A pot cozy is a piece of thick fabric that is layered around your cooking pot to stabilize the heat of the water or meal you are cooking. Pot cozies can be purchased separately. All of the JetBoil options in this article include integrated pot cozies, so you don’t have to find your own. Having a pot cozy is a huge blessing, and keeps your food warm for a long time. Trust us.


Windscreens protect the flame of your stove from wind, rain, snow, and generally cold weather conditions. A windscreen is designed into several of the stoves featured in this article, and are also available for purchase through REI for stoves that don’t have a built-in windscreen.


An object that reflects heat to your pot to increase cooking efficiency. This often also doubles as a windscreen.


Some of the stoves featured in this article have auto ignition, meaning that the flame for your stove is simply the push of a button away. This is a huge benefit because it means you won’t burn your hands when trying to ignite your stove.


Almost all of the stoves featured in this article feature an adjustable flame valve. This valve is often located at the bottom of the stove, and look kind of like a bent-out-of-shape bobby pin.

The adjustable flame is vital for controlling the flame of your stove. You can create a rolling boil by having the valve all the way open, but can also simmer your food by turning the valve down. You’ll find that for rice and pasta dishes, you’ll want both of these options.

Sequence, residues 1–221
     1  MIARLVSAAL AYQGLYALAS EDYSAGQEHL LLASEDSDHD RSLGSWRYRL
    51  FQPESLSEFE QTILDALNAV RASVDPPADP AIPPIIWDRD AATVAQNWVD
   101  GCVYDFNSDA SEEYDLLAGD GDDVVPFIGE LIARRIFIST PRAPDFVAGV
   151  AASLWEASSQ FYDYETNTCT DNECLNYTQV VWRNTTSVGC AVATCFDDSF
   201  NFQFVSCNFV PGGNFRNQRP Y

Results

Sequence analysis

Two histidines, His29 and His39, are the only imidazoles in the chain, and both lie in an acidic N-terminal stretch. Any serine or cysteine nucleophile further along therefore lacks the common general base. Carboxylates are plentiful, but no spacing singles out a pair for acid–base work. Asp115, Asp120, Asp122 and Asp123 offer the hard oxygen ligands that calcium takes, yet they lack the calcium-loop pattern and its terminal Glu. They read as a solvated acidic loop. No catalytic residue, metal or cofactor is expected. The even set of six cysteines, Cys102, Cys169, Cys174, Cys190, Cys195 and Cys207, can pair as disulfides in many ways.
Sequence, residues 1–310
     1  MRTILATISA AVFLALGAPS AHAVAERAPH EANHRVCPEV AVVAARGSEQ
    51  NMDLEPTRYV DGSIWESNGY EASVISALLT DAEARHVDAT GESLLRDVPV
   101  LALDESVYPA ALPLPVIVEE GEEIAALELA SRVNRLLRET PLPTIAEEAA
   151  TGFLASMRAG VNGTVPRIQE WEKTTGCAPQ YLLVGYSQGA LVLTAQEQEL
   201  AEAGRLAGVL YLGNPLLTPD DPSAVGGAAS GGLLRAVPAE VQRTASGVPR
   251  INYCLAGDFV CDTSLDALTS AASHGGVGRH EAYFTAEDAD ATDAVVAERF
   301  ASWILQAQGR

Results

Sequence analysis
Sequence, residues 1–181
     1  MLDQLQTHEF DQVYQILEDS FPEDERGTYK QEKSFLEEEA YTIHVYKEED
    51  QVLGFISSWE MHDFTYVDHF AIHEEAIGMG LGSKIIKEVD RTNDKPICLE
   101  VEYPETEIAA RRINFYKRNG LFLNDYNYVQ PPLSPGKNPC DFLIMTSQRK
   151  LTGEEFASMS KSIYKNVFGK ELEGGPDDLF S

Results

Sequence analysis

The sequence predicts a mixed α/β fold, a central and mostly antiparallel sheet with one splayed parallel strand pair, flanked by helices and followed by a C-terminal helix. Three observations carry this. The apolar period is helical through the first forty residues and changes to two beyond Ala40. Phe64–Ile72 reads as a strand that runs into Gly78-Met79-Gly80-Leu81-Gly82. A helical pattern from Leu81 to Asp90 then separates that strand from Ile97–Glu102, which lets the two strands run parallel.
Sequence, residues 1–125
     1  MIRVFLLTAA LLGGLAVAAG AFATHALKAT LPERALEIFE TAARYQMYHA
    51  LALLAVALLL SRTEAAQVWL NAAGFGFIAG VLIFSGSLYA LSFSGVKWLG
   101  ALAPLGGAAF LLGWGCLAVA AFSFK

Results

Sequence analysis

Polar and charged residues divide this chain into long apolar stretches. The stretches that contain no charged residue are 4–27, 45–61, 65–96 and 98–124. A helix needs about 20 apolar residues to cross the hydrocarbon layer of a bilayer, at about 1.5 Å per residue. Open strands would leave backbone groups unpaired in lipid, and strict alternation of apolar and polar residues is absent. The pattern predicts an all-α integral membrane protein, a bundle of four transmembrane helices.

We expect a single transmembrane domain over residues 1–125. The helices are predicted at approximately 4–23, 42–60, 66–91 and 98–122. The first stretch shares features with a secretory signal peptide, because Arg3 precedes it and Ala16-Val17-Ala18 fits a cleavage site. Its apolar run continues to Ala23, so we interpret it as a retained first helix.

A pocket rocket is a lightweight option for a backpacking stove. Many of these stoves are compact, much smaller than the all-in-one versions, but can still boil water quickly.

Many of these stoves are so small they can fit in your pocket, hence the name.


A serrated burner means the wings of the stove that the flame comes through can have small bumps on them, creating friction and making it compatible with several cooking pots. A serrated burner also means that when the cooking pot is sitting on top of the stove, it won’t shift around much.


An ash patch catches most of the ash of a wood burning stove, making for easy clean up.


Several of the stoves featured in this article have internal measurements on the lid or cooking pot. This means that there are internal lines located inside the cooking pot that will tell you where the half cup and one cup marks are, so you pour the correct amount of water without having to pack out measuring cups.


Holes that allow air in and draw heated air up to provide the fire with oxygen.



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2 Responses

  1. Cindy Hoffman

    Hi Antonio, nice guide and those recommendations are also perfect. I have seen you recommending MSR reactor, which is just awesome. I have been using this stove for quite sometime and I have no complains at all. I would recommend to anyone who is looking for something for a backpacking stove that is good for the money.
    Thanks for the share.